Doutrina Monroe Imperial Vigente: Golpes Silenciosos na América Latina, o Caso do Equador
Dady Chery


Por Dady Chery, Haiti Chery | Traduzido do inglês por Murilo Otávio Rodrigues Paes Leme. A estabilidade da América Latina, contudo, é a estabilidade de paciente comatoso. Começou com maciça expansão em tempo de paz de forças policiais e militares em Argentina, Brasil e Chile (ABC), começando em torno de 2004, com patrocínio das Nações Unidas. (Inglês | Português)

Yet More Brazilian Military Train to Take Command in HaitiMilitares treinam para exercer comando no Haiti


CCOPAB, Brazilian Ministry of Defense, Air Forces | Translated from the Portuguese by Haiti Chery. Forty-two soldiers from the Brazilian Navy, Army and Air Force concluded on Friday, January 30, 2015 an Internship in the Preparation of Commanders and Staff (EPCOEM) for the 22nd Brazilian contingent for the United Nations Stabilization Mission in Haiti (MINUSTAH). (English | Portuguese)

We Must Kill the Bandits: Kevin Pina Documentary on MINUSTAH, Reviewed By Dady Chery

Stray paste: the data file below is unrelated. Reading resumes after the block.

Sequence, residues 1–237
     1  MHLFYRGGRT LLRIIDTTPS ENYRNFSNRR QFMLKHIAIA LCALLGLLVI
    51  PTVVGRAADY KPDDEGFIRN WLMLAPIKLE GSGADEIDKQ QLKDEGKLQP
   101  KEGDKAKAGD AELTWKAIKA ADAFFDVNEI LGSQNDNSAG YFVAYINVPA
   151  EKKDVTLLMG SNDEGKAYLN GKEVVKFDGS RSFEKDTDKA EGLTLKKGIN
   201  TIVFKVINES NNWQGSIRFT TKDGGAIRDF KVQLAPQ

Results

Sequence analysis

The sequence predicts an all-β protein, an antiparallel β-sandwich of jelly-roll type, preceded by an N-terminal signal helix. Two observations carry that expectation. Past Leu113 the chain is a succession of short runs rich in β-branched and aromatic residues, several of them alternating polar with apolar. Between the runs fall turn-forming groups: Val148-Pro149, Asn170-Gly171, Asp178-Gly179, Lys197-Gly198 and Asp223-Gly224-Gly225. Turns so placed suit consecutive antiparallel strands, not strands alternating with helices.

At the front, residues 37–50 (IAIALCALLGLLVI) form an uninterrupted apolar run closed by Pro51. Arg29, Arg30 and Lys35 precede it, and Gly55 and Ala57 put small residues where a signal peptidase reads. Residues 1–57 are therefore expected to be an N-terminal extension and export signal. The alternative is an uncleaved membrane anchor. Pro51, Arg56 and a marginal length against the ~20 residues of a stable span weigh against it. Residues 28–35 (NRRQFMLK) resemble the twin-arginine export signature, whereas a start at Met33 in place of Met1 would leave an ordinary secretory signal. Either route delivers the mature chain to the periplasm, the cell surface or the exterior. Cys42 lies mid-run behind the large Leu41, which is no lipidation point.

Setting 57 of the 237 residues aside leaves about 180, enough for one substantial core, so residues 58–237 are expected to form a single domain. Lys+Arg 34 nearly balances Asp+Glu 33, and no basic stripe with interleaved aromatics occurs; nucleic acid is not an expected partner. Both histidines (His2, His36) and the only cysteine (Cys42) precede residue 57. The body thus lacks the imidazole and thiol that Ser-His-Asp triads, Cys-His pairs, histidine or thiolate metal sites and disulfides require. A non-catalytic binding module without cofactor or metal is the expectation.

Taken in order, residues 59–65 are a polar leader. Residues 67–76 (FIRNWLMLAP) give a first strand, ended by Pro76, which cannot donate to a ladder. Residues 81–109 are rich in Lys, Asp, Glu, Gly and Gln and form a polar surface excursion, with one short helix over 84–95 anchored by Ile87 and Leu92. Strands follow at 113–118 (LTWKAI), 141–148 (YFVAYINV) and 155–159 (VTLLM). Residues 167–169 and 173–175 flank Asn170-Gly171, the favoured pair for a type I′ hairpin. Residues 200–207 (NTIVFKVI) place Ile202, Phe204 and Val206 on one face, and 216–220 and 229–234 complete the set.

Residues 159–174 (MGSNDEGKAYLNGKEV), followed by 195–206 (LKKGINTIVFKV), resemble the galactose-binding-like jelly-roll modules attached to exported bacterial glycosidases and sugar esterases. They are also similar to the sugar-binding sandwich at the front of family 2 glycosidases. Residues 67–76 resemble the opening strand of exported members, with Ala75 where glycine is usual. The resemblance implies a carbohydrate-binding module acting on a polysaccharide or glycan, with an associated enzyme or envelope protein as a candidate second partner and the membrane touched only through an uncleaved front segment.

Dady Chery


Kevin Pina, video | Dady Chery, review, Haiti Chery. This documentary video is the definitive account of Haiti’s most recent anti-imperialist revolt. The video covers the actions of Fanmi Lavalas supporters, the Multinational Interim Force (MIF) with the U.S., Canada and France, and the so-called United Nations Stabilization Mission in Haiti (MINUSTAH) during the year after Aristide’s removal. (English text, Video in English | Portuguese).

Amazon Rainforest Gets Half Its Nutrients From Tiny Spot in SaharaSaúde da floresta amazônica


By Alexis Madrigal, The Atlantic | Staff, Amazonia News. About 40 million tons of dust are transported annually from the Sahara to the Amazon basin. This represents half of the annual mineral supply that fertilizes the Amazon basin. Thus the health and productivity of the Amazon rainforest depends on a supply of dust from Africa. (English | Portuguese)

World’s Coral Reefs in State of EmergencyArrecifes en situación de emergenciaArrecifes em situação de emergência